The metabolism rates are shown to be robustly modeled using a mass balance approach in two coastal reef systems at two fixed assets that could be employed elsewhere to monitor OA and its impacts within coral reef ecosystems. The data can be applicable to other sites with the similar auxiliary data and can be used in combination with other approaches, such as the turbulent flux, to estimate long-term metabolic rates in the field. Both sites were net heterotrophic and net dissolutional from late summer to fall, with occasional periods of net calcification and net autotrophy from winter to early summer. High respiration rates at CR and LP observed in the fall generated a local source of DIC to the system, causing a decrease in carbonate saturation states. During this time of the year, these processes may affect the reef’s susceptibility to other climate pressures and decrease the ability of upstream communities (e.g., seagrasses at CR) to serve as OA refugia. Surface waters at LP are likely to be affected by OA sooner and more strongly than surface oceanic waters due to the significant annual changes respiration and calcification have in coastal carbonate saturation states. Our results suggest that tropical Caribbean reef ecosystems are exhibiting long periods of net dissolution of highly soluble carbonate minerals based on similarities in environmental characteristics. Future research efforts should be directed to improve our understanding of the drivers of both calcification and organic production, at long-term and ecosystem scales.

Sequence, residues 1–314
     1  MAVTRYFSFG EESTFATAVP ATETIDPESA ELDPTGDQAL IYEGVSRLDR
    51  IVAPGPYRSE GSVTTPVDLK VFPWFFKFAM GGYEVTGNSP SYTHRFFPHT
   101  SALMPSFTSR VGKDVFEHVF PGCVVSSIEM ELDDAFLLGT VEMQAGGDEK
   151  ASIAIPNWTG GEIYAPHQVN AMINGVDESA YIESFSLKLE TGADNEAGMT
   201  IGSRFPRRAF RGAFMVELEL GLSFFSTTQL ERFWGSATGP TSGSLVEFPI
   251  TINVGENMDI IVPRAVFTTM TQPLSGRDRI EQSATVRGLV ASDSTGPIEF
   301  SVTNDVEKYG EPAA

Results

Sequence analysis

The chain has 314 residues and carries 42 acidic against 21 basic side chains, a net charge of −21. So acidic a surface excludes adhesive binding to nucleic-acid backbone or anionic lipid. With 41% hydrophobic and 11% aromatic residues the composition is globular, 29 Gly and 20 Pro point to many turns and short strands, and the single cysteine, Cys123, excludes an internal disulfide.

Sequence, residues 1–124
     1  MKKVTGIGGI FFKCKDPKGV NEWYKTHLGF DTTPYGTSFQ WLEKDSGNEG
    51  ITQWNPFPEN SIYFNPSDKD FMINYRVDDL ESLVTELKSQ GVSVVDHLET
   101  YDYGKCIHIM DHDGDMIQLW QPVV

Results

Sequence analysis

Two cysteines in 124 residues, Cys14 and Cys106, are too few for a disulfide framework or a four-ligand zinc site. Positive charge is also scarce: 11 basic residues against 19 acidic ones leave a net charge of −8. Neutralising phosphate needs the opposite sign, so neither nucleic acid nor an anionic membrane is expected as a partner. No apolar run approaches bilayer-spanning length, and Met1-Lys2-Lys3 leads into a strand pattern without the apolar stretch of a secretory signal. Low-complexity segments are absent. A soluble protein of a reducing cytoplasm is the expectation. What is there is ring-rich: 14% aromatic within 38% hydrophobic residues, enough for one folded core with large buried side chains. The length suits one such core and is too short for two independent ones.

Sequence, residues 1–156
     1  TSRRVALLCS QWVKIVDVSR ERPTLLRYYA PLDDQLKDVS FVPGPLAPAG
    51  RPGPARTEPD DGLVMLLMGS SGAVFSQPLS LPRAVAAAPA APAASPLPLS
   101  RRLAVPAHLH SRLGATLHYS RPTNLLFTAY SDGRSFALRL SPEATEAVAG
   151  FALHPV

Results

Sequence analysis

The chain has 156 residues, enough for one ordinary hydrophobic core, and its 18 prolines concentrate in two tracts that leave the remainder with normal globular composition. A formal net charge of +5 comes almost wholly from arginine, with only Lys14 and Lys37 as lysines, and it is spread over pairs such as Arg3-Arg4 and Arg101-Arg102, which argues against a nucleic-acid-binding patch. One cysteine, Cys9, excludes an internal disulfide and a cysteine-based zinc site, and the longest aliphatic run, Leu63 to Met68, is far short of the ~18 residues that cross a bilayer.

Melendez M., 2020. Effects of nearshore processes on carbonate chemistry dynamics and ocean acidification. PhD thesis, University of New Hampshire, 146 p. Dissertation.